The Java Persistence Architecture API (JPA) is a Java specification for accessing, persisting, and managing data between Java objects / classes and a relational database. JPA allows POJO (Plain Old Java Objects) to be easily persisted. JPA allows an object’s object-relational mappings to be defined through standard annotations or XML defining how the Java class maps to a relational database table.

JPA also defines a runtime EntityManager API for processing queries and transaction on the objects against the database. JPA defines an object-level query language, JPQL, to allow querying of the objects from the database.

Why JPA?

It is a standard for the management of persistence and object/relational mapping with Java EE and Java SE. JPA supports the large data sets, data consistency, concurrent use, and query capabilities of JDBC. Like object-relational software and object databases, JPA allows the use of advanced object-oriented concepts such as inheritance. JPA avoids vendor lock-in by relying on a strict specification. JPA focuses on relational databases. And JPA is extremely easy to use.

 Currently most of the persistence vendors have released implementations of JPA confirming its adoption by the industry and users. These include Implementations  include Hibernate, TopLink, and Kodo JDO, Cocobase and JPOX.

Java Persistence consists of four areas

  • The Java Persistence API

  • The query language

  • The Java Persistence Criteria API

  • Object/relational mapping metadata

Entities

In Object oriented paradigm, An entity is a lightweight persistence domain object. Typically, an entity represents a table in a relational database, and each entity instance corresponds to a row in that table. Changing values of entity instance works just like changing values on any other class instance. The difference is that you can persist those changes in database.

The primary programming artifact of an entity is the entity class, although entities can use helper classes. The persistent state of an entity is represented through either persistent fields or persistent properties. These fields or properties use object/relational mapping annotations to map the entities and entity relationships to the relational data in the underlying data store.

Characteristics of an Entity

  1. Persistability
    • An Entity is persistable since it can be saved to a persistence store. But this doesn’t happen automatically. It has to be invoked by API. It is important because it leaves control over persistence to application.

  2. Identity
    • Identifier, is the key that uniquely identifies an entity instance and distinguishes it from all the other instances of the same entity type.

  3. Transactionality
    • Changes made to the database either succeed or fail atomically, so the persistent view of an entity should indeed be transactional.

  4. Granularity
    • Entities are meant to be fine-grained objects and they are business domain objects that have specific meaning to the application that accesses them.

Typical Entity class with annotations metadata

@Entity
@Table(name = "Employee")
public class Employee {

    @Id
    @Column(name = "id")
    private int id;

    @Column(name = "fistName")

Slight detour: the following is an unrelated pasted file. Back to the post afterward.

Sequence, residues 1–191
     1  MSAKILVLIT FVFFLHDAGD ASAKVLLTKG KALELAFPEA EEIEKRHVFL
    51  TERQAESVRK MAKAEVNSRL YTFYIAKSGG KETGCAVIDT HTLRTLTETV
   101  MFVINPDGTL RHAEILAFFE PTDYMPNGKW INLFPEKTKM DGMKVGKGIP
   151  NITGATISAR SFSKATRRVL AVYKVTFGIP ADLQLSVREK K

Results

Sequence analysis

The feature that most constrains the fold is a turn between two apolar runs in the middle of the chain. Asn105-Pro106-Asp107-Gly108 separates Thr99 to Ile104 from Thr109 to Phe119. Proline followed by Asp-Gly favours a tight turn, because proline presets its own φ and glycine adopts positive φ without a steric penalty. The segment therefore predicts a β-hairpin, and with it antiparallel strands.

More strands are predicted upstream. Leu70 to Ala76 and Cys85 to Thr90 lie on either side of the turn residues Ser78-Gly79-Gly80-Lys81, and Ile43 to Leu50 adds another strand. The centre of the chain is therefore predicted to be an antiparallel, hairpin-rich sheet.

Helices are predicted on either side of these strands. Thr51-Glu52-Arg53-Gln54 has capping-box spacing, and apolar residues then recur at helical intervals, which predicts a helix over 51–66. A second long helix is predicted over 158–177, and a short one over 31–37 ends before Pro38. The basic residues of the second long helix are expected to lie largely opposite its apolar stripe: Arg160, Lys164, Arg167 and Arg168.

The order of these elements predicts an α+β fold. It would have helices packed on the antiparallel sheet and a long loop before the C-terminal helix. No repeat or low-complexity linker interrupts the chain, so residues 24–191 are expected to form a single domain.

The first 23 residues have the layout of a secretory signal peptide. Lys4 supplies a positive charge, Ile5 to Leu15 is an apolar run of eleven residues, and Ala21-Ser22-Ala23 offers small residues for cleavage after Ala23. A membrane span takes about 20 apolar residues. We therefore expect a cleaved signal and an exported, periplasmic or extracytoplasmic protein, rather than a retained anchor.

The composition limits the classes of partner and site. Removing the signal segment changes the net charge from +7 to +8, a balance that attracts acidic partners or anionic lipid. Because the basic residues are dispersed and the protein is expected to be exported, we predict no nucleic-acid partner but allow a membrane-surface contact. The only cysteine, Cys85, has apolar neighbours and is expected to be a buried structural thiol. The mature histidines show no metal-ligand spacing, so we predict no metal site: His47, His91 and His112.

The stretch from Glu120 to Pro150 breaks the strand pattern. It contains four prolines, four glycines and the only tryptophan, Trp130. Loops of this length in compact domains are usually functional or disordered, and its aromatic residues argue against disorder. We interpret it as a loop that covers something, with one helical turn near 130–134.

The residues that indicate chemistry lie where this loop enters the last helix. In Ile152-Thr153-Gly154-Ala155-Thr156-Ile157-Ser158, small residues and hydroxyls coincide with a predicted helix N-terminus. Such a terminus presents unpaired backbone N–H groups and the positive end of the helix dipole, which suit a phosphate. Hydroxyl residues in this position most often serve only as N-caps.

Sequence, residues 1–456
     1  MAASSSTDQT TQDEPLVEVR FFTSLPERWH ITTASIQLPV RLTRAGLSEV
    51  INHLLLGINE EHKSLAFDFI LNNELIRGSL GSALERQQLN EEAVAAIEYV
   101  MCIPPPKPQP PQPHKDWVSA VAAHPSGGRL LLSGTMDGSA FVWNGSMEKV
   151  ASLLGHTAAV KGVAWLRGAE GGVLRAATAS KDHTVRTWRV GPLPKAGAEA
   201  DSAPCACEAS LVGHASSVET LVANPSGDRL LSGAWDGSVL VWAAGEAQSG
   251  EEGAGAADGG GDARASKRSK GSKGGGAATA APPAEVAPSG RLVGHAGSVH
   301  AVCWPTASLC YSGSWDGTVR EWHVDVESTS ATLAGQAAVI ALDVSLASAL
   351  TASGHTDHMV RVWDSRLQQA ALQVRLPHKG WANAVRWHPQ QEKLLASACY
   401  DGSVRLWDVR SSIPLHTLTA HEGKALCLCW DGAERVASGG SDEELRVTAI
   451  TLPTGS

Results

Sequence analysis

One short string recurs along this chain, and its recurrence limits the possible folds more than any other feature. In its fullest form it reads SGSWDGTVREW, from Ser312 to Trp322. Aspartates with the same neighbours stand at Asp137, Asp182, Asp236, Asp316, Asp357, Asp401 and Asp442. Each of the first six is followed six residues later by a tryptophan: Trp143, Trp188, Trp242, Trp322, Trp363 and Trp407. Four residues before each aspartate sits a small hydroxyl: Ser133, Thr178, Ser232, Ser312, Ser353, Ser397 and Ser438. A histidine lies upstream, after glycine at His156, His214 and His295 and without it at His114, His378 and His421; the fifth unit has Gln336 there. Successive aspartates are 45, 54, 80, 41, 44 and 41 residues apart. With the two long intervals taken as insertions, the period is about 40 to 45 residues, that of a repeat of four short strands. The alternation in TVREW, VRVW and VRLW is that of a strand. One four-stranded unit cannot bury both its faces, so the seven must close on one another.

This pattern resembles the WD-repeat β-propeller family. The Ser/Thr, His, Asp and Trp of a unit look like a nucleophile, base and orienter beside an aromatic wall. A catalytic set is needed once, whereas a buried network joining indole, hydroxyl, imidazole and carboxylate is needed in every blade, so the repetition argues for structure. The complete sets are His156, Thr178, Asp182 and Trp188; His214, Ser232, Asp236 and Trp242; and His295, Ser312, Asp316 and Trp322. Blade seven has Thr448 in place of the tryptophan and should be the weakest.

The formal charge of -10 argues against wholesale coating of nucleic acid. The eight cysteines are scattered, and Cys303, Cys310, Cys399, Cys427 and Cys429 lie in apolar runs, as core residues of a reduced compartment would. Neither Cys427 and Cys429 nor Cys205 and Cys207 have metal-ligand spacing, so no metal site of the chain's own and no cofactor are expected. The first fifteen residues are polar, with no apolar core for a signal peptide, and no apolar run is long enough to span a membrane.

private String firstName;

    @Column(name = "lastName")
    private String lastName;

    @Column(name = "dept")
    private String dept;

    public Employee(){

    }

    public Employee(int id, String firstName, String lastName, String dept){
        this.setId(id);
        this.setFirstName(firstName);
        this.setLastName(lastName);
        this.setDept(dept);
    }

    public int getId() {
        return id;
    }

    public void setId(int id) {
        this.id = id;
    }

    public String getFirstName() {
        return firstName;
    }

    public void setFirstName(String firstName) {
        this.firstName = firstName;
    }

    public String getLastName() {
        return lastName;
    }

    public void setLastName(String lastName) {
        this.lastName = lastName;
    }

    public String getDept() {
        return dept;
    }

    public void setDept(String dept) {
        this.dept = dept;
    }
}

Managing Entities

 

Entities are managed by the entity manager. Each EntityManager instance is  associated with a persistence context: a set of managed entity instances that exist in a particular data store. A persistence context defines the scope under which particular entity instances are created, persisted, and removed. The EntityManager interface defines the methods that are used to interact with the persistence context.

EntityManager is to be implemented by a particular persistence provider. It is the provider that supplies the backing implementation engine for the entire Java Persistence API, from the EntityManager through to implementation of the query classes and SQL generation.

 

Illustration of Entity manager

public class EmployeeTest {

    private static EntityManager em;

    public static void main(String[] args) {

        EntityManagerFactory emf = Persistence.createEntityManagerFactory("EmployeeService");
        em = emf.createEntityManager();

        createEmployee(1, "Saint", "Peter", "Engineering");
        createEmployee(2, "Jack", " Dorsey", "Imaginea");
        createEmployee(3, "Sam", "Fox", "Imaginea");

    }

    private static void createEmployee(int id, String firstName, String lastName, String dept) {
        em.getTransaction().begin();
        Employee emp = new Employee(id, firstName, lastName, dept);
        em.persist(emp);
        em.getTransaction().commit();
    }
}

Persistence.xml

I have used Hibernate provider. Added this persistent.xml file to META-INF dir.

 

Maven dependencies

 

org.eclipse.persistence:javax.persistence:2.0.0
org.hibernate:hibernate-entitymanager:4.2.8.Final
mysql:mysql-connector-java:5.1.27

 

Project Structure in IntelliJ IDEA